K.Saariaho, Cello Works,
æon AECD 0637
Categorization in contemporary classical music will more likely confuse than illuminate. But it is tempting to distinguish between the very different approaches of composers like Golijov, whose ambitious ethno-flavored classical popsicles have plenty of appeal (Ramírez and Sierra are less successful exemplars of that craft), and the explorative Romantics who dare to be authentic 21st-century composers (Benjamin C. S. Boyle, Nicholas Maw, Ned Rorem, Kaija Saariaho, David Del Tredici might be counted among those) without getting stuck in the trappings of austere academia (Milton Babbitt, Brian Ferneyhough,
The best approach to this heap of contemporary classical music is akin to the “Sister Wendy Museum touring method”: glance at it all but only stop at what intrigues (not necessarily pleases) you. Then spend time with that particular work, enter into a dialogue with it. Learn about the many different appeals of contemporary music. Like in painting or photography, it is often not the subject per se that is the attraction, not necessarily melody or harmony or even rhythms, but light and shade, texture, structure, vague evocations, games with time and sound (or silence) itself.
Modern music succeeds as an art for the public to the extent that the listener, not just the composer, his fellow composers, and that odd subset of the human species, musicologists, can follow these themes. One might go so far as to pin-point success in composition being a work that appeals through its aims, experiments, mood, and expression thereof: appeals because it employs a language that communicates its intent. If the intent is appeal itself, its success is at best that of a consumer product, not art. If the work is all intent, but unable to communicate, the composer ends up with something still-born, enjoyable only to him. Like a scientist who marvels at his latest creation – a flying, egg-laying, and fire-resistant hamster – may be proud studying his project’s superior genetic code but conveniently ignores the minor snag that these critters are invariably dead before hatching.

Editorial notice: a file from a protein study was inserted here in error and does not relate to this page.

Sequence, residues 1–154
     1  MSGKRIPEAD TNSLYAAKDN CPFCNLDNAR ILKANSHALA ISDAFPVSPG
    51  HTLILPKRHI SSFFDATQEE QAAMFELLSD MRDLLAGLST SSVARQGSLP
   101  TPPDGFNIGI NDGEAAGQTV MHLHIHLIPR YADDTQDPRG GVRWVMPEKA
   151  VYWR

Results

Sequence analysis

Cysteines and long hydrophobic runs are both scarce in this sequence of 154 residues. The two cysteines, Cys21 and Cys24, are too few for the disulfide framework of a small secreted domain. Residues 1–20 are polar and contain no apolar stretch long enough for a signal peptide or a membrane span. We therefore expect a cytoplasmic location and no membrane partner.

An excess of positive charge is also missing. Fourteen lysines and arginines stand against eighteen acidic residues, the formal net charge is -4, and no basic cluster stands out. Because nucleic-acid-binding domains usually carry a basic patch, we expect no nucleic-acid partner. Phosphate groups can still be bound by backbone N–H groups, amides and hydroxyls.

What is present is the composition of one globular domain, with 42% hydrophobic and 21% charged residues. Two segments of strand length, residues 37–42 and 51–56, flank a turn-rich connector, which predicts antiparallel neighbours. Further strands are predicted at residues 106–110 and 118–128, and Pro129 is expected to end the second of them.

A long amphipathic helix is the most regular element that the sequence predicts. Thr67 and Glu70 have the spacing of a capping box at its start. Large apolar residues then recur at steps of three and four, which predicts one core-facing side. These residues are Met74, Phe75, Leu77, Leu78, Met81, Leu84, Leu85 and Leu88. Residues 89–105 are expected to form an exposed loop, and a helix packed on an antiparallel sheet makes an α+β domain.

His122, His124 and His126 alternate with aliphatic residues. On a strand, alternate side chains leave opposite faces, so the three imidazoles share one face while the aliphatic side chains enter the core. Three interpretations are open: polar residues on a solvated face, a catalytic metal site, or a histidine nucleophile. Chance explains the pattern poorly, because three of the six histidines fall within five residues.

Dead, flying hamsters are admittedly a long way from Kaija Saariaho’s cello works. Take the excursion as a way of saying that this recording is no such chimera; that it contains music of the kind that makes you listen up, willingly joining for the journey, even if you can’t necessarily discern where the journey goes. Elsewhere I have described the impression as "grinding through stone, ageless sounds, crumpled paper, blown glass sculptures (some of them broken)." It isn’t important that beauty, in any conventional sense, is in short supply. (“Beauty,” as my favorite Celibidache quote goes, “is not the goal itself; it is the lure.”) Nor is it of consequence if you go away from “Près” (1992) noting the diligently coy development of “a trill between the cello’s B-flat and its 4th natural harmonic” or merely a curious “uh-huu.” Comprehension of underlying theory and techniques can help you appreciate modern music – but for the music’s ‘success’ it is not necessary that you do. Watch some of Fellini’s films and see if understanding necessitates enjoyment.
Join Saariaho’s Petals by not expecting anything in particular, and allow yourself to be enveloped and poked by strange, strangely familiar sounds of Alexis Descharmes’s cello receiving imaginative use and abuse, conventional manipulations like sul ponticello and sul tasto, which are then (optionally) modified by the electronic-musician/technician from IRCAM, David Poissonnier. Jérémie Fèvre adds his flute to Mirrors (1997) and Nicolas Baldeyrou his bass clarinet to Oi Kuu (1990).